By Rebecca Harshbarger
Tuesday, December 15, 2009
Latina beauty salons throughout the U.S. are providing an employment lifeline to a group of female workers who have been badly hurt by the recession. One owner in Queens, N.Y., hopes to add English classes to her new cosmology school.
NEW YORK (WOMENSENEWS)--Here in Woodside, Queens, Carmen Ledesma employs nine women in her Parisien Beauty Salon, a business she started 16 years ago on Roosevelt Avenue after moving to the United States from Paraguay.
For a mother of three with limited English skills, it turned out to be a good way to make an income, something the New York mayor's office noted in early October at a press conference about the city's efforts to support immigrant-owned businesses in New York, which hosts an estimated 130,000 Latino-owned businesses.
At the City University of New York's Graduate Center, city officials asked Ledesma to precede Mayor Michael Bloomberg in the press conference's speaker lineup to describe how she expanded her business, going from an employee at one salon to starting her own small salon. She has since added a spa and opened a cosmology school, a storefront with large glass windows in a multistory building, which she created with help from a government-supported small business initiative.
"Since I opened the door to my salon, many immigrant women have seen that they can open their own business," said Ledesma. "I have achieved one of my dreams, and sent three children to college."
The Center for Women's Business Research, based in McLean, Va., says Latinas owned over 700,00 businesses nationwide in 2007 and generated about $46 billion in sales. Between 1993 and 2006, the number of Latina-owned businesses more than doubled.
Overall, female-owned companies employ 16 percent of the U.S. work force and contribute $3 trillion to the almost $14 trillion U.S. economy, according to the center.
"I don't know the statistics, but I would suspect that you would be shocked by how many immigrants' small businesses are run by women," Bloomberg said at the press conference in response to a question by Women's eNews. "If you help out small businesses, you will do an awful lot for women. We saw that with Carmen and her beauty salon."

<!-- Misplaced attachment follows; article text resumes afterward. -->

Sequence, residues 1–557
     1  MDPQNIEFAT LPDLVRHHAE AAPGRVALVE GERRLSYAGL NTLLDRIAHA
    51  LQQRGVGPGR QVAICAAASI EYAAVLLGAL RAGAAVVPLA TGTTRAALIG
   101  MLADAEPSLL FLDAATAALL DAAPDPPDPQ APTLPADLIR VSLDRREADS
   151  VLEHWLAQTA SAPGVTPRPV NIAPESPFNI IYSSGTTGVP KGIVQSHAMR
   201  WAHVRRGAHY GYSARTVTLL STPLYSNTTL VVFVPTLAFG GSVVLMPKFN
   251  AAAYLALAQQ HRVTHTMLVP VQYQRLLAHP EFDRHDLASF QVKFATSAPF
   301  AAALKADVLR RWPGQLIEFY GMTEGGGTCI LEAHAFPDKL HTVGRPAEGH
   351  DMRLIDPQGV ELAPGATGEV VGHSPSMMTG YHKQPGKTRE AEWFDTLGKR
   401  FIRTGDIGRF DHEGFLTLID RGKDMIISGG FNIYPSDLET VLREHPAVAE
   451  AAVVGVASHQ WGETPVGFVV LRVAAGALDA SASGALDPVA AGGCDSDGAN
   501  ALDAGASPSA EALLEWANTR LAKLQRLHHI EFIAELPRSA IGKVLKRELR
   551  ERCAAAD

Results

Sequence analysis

The Latino work force has been badly hurt by the recession, according to a February 2009 report by the Washington-based Pew Hispanic Center. Between 2007 and 2008, the jobless rate for immigrant Latinos rose to 8 percent from around 5 percent and for U.S.-born Latinos it rose to 9.5 percent from 6.7 percent.
A slowdown in the construction industry has caused much grief for Latino households. In Woodside, along Roosevelt Avenue, near Ledesma's salon, day laborers who used to find work readily in the mornings by waiting near the subway can now go weeks without a day of construction or restaurant work, according to interviews by Women's eNews.
Even before the recession, two years ago, Latinas were still twice as likely as non-Hispanic women to live in poverty, according to the Pew Hispanic Center.
At this same time, however, the fastest growing segment in small businesses are Latina-owned companies, according to the U.S. Hispanic Chamber of Commerce, a nongovernmental organization based in Washington, D.C.
Among these small businesses, beauty salons have proven resilient because they are so popular in many Latino communities, often acting as a social hub.